Skip to main content

We use small files called cookies to help us improve your experience on this website and to provide services like web chat. We also use cookies to measure the effectiveness of public health campaigns and understand how people use the website.

Read our cookies policy to find out more about cookies and how we use them.

Bowel screening and coronavirus

BowelScreen has restarted.

Invites to eligible people are now being issued on a phased basis.

BowelScreen is currently attending to those whose procedures were postponed due to COVID-19.

Completed home screening test kits and lab reports will be processed.

We will continue to closely review public health advice to make sure conditions remain safe for you and our staff.

You can contact BowelScreen on Freephone 1800 45 45 55.

If you are worried about symptoms of bowel cancer, phone your GP. Never ignore your symptoms.

Colonoscopy appointments

A nurse will contact you to arrange your colonoscopy and advise you on the COVID-19 measures in the hospital.

These changes may include:

  • your nurse or doctor wearing some personal protective equipment (PPE)
  • having to wait outside until it’s time for your appointment
  • fewer people in your healthcare building
  • waiting a little longer for your appointment

Please follow the hospital and Public Health advice in relation to attending hospital appointments.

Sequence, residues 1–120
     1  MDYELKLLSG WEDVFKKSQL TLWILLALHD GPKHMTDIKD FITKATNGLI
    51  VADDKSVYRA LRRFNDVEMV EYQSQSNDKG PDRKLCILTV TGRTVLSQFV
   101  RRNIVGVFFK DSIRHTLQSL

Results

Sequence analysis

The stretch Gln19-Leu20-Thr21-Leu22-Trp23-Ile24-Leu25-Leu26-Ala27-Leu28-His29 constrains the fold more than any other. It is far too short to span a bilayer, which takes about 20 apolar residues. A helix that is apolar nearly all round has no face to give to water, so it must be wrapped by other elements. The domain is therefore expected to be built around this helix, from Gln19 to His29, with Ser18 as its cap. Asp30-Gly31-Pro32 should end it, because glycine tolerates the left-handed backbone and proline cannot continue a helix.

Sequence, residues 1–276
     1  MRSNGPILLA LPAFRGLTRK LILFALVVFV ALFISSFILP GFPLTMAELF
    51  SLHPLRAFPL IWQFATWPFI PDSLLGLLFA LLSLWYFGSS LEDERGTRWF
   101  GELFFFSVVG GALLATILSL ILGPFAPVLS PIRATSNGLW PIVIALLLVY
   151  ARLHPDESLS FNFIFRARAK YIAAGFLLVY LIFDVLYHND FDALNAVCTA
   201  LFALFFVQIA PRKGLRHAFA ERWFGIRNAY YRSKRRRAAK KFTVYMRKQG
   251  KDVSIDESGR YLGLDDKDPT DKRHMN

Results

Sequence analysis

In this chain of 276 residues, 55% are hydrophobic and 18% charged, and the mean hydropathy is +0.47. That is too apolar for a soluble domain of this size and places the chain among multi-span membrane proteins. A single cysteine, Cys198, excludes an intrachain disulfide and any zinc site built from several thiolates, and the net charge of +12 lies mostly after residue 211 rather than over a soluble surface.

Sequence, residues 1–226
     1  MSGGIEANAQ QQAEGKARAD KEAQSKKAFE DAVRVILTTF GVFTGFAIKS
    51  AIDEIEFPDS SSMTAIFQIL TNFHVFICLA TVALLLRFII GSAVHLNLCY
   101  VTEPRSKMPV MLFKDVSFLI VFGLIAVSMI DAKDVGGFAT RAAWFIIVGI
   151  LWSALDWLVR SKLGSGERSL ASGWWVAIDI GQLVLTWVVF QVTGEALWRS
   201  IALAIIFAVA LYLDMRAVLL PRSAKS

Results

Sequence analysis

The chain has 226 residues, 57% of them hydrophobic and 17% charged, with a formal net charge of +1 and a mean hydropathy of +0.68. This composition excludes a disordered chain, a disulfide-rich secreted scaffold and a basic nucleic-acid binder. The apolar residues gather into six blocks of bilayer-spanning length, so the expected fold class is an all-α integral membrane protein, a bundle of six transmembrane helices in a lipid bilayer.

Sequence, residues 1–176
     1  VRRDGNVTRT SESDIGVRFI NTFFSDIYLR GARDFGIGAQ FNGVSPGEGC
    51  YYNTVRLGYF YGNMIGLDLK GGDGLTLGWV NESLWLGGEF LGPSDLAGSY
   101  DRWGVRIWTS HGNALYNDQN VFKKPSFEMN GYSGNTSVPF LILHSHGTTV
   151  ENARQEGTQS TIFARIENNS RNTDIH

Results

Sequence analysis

Colonoscopy after bowel screening

Symptoms  - phone your GP

It is important to remember that 9 out of every 10 people with blood in their bowel motions (poo) will not have cancer. Blood in your poo could be caused by small growths called polyps or other conditions such as haemorrhoids (piles). 

Being aware of the symptoms of bowel cancer is still very important. Symptoms include:

  • a persistent change in bowel habit. Going more often, with looser stools and sometimes stomach (abdominal) pain
  • blood in your poo especially if mixed through the stool. This makes it unlikely the cause is haemorrhoids (piles)
  • stomach pain, discomfort or bloating always brought on by eating. This can sometimes result in a reduction in the amount of food eaten and weight loss

Bowel cancer symptoms are also very common, and most people with them don't have cancer. For example:

  • a change in bowel habit or abdominal pain is usually the result of something you've eaten
  • a change in bowel habit to going less often, with harder poo, is not usually caused by any serious condition. It may be worth trying laxatives before seeing your GP
  • constipation, where you pass harder stools less often
  • fresh blood often separate from your poo or coating the stool. This, when associated with pain or soreness is more often caused by piles or a simple tear (fissure)

These symptoms should be taken more seriously as you get older and when they persist despite simple treatments. If you notice any of them, please contact your GP. 

Bowel cancer symptoms

page last reviewed: 09/04/2020
next review due: 09/04/2023